Caribbean Women Writers

Caribbean Women Writers

Caribbean Women Writers

Caribbean Women Writers

Synopsis

"The past few decades have seen an explosion of writing by women from the Caribbean. From Antigua, Barbados, Belize, Dominica, Grenada, Guyana, Haiti, Trinidad - women of African, European, and mixed ancestry have explored and manipulated their complex matrix: of languages and subtle linguistic codes; of folk traditions and formal English schooling; of vital politics and tormented histories; of intoxicating natural beauty and devastating poverty. They have written of mothertongues and motherlands, of exile, of the boundaries of bodies, of the politics of owning and not owning themselves. Though worlds apart, writings as diverse as Jean Rhys's Wide Sargasso Sea, published in 1966, and Jamaica Kincaid's Autobiography of My Mother, published 30 years later, nevertheless share a setting of shocking yet sinister beauty; a sense of the loss of a mother and the implications of this loss upon one's self; and a deeply resonant literary heritage. From Guyana's Beryl Gilroy to Haiti's Edwidge Danticat, Caribbean women are mingling the political with the lyrical in a quickly deepening new body of literature." Title Summary field provided by Blackwell North America, Inc. All Rights Reserved

Excerpt

By general critical consent, the principal women writers in English to emerge, so far, from the Caribbean are the properly varied trio of Jamaica Kincaid (Elaine Potter Richardson) of Antigua, Paule Marshall of Brooklyn and Barbados, and Jean Rhys of Dominica. I say "properly varied" because the immensely mixed political and social history of the Caribbean is reflected by and in its writers. It would be useless to search for common elements in the art of Kincaid, Marshall, and Rhys, and no such attempt will be ventured here.

Kincaid, the most experimental of the three, is seen by her admirers as a deliberate subverter of Dead White European Male modes of narrative. Yet any reader deeply immersed in Western literature will recognize that prose poetry, Kincaid's medium, always has been one of the staples of literary fantasy or mythological romance, including much of what we call "children's literature." Centering almost always upon the mother-daughter relationship, Kincaid returns us inevitably to perspectives familiar from our experience of the fantasy narratives of childhood.

This childlike element most powerfully informs Kincaid's short storiesto call them that, since really they are prose poems. One of the briefest, Girl (1984), is an uncanny chant or litany that stays with one for its hypnotic rhythms, evocative of the girl's voice speaking to itself, yet rehearsing always the admonitions of the dominant mother:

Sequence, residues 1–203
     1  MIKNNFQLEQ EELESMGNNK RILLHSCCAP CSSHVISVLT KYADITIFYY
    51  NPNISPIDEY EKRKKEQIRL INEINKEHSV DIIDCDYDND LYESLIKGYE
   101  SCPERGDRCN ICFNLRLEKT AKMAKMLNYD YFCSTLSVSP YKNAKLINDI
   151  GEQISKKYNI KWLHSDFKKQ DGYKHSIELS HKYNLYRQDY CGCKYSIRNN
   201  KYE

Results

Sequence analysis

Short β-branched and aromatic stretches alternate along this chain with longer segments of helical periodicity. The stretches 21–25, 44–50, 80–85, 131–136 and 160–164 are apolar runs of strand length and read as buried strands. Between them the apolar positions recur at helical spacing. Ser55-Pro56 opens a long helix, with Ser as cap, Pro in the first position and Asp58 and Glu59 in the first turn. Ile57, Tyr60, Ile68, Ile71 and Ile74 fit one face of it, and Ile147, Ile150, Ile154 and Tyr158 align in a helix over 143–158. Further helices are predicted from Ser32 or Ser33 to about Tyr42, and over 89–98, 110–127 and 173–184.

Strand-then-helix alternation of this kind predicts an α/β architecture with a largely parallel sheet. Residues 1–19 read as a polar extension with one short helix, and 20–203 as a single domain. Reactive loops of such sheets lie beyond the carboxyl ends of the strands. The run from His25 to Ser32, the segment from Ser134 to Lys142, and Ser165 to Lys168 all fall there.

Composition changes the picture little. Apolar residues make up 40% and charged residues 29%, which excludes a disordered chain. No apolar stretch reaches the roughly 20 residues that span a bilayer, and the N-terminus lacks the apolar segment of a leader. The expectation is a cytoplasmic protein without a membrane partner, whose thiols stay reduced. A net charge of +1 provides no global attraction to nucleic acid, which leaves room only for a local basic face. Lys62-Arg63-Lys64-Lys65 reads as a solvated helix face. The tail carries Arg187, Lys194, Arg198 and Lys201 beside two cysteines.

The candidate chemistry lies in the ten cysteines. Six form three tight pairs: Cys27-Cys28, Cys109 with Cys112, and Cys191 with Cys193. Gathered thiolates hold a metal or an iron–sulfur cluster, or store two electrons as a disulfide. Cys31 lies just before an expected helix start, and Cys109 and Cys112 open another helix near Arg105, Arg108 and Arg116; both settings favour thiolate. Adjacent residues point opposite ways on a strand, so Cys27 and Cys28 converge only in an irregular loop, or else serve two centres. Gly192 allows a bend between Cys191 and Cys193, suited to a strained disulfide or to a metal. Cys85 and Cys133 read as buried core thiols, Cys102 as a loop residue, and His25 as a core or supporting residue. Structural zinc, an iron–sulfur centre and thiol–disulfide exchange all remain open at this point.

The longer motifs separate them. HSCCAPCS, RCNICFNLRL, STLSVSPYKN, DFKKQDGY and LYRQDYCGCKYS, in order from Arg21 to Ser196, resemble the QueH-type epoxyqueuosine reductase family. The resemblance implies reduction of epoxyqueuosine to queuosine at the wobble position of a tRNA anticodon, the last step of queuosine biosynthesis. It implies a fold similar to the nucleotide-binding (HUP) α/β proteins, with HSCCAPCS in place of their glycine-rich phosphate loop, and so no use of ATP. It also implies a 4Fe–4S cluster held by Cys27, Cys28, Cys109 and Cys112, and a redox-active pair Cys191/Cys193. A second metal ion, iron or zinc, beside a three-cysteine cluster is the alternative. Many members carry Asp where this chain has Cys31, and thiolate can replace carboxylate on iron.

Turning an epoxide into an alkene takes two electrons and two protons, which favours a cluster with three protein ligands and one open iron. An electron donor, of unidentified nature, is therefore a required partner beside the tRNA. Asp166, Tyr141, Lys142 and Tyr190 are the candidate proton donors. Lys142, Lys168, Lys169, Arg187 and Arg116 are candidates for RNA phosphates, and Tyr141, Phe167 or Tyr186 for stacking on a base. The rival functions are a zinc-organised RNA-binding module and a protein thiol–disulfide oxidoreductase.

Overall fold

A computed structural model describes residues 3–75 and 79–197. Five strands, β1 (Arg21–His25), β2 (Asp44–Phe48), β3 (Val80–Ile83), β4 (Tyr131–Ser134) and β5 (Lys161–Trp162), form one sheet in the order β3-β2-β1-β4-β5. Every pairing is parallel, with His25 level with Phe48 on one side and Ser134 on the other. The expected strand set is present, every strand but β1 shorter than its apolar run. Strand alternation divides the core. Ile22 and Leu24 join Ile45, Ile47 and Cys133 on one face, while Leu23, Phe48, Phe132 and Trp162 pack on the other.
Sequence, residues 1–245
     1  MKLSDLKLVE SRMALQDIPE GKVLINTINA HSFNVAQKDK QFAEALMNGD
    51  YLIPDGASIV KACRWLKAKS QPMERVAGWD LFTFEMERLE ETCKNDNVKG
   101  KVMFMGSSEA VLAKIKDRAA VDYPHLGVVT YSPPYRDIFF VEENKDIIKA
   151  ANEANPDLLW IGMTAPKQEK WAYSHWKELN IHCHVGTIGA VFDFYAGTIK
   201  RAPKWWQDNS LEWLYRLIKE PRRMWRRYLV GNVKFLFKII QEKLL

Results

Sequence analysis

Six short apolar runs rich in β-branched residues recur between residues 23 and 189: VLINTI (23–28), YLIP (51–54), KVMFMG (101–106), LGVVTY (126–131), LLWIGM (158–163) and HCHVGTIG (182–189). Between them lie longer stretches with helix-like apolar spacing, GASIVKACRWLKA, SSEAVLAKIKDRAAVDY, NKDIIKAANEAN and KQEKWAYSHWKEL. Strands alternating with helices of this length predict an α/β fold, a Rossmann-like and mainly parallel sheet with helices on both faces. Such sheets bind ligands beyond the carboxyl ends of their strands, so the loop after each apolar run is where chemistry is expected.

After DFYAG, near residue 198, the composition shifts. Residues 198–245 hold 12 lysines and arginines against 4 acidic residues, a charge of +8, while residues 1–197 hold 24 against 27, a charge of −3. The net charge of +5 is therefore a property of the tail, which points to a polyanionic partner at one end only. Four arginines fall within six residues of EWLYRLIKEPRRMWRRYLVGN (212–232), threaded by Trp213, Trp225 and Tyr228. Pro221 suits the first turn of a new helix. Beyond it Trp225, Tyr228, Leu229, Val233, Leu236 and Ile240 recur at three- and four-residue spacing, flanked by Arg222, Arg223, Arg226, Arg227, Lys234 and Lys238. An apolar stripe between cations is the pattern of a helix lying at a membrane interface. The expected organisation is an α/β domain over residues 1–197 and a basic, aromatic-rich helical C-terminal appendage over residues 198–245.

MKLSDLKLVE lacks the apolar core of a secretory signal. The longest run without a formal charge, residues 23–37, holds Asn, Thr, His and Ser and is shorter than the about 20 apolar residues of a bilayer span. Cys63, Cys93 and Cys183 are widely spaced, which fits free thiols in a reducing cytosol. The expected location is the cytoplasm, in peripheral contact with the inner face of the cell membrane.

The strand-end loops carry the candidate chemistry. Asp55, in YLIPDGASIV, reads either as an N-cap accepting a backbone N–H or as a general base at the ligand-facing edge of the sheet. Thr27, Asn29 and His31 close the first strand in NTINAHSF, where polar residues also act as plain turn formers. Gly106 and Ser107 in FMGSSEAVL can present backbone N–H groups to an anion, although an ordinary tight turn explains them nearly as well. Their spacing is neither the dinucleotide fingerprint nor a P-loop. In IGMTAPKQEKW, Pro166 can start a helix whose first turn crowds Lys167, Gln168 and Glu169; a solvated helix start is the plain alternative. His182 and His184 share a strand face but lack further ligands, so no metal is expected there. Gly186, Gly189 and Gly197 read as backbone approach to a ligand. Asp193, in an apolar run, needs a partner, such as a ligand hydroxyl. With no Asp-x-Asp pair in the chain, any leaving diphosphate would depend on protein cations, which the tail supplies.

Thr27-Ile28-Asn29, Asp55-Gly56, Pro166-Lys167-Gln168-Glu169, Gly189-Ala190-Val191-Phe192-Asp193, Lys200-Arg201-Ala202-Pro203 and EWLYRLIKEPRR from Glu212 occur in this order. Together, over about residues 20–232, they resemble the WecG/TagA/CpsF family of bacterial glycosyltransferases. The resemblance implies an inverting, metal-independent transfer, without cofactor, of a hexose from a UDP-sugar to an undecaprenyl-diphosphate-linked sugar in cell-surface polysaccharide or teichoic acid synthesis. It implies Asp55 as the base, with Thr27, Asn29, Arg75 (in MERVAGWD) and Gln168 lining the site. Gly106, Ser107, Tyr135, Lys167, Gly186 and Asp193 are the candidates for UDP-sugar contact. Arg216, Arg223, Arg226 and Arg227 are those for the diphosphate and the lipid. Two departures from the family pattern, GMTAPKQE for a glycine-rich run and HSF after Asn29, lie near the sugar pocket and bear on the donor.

[T]his is how you grow okra—far from the house, because okra tree harbors red ants; when you are growing dasheen, make sure it gets plenty of water or else it makes your throat itch when you are eating it; this is how you sweep a corner; this is how you sweep a whole house; this is how you sweep a yard; this is how you smile to someone you don't like too much; this is how you smile to someone you don't like at all; this is how you smile to someone you like completely; this is how you set a table for tea; this is how you set a table for dinner; this is how you set a table for dinner with an important guest; this is how you set a table for lunch; this is how you set a table for breakfast; this is how to behave in the presence of men who don't know you very well, and this way they won't recognize immediately the slut I have warned you against becoming; be sure to wash every day, even if it is with your own spit; don't squat down to play marbles-you are not a boy, you know; don't pick people's flowers—you might catch something; don't throw stones at blackbirds, because it might not be a blackbird at all. . . .

This is distinctive and deliberate, but wholly traditional if we are fully aware of how complex and multiform the literary tradition always has been.

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